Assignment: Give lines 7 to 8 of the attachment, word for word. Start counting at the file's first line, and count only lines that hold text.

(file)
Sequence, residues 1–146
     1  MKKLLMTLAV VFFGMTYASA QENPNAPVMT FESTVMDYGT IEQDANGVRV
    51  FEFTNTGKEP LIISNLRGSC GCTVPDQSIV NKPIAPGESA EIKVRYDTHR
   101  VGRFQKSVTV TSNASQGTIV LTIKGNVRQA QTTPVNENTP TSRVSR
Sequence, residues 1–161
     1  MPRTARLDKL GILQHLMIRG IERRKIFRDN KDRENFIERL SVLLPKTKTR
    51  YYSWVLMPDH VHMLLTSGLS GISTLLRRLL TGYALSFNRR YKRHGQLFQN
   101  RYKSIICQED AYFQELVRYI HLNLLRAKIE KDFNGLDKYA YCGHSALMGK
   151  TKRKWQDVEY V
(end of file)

    51  YYSWVLMPDH VHMLLTSGLS GISTLLRRLL TGYALSFNRR YKRHGQLFQN
   101  RYKSIICQED AYFQELVRYI HLNLLRAKIE KDFNGLDKYA YCGHSALMGK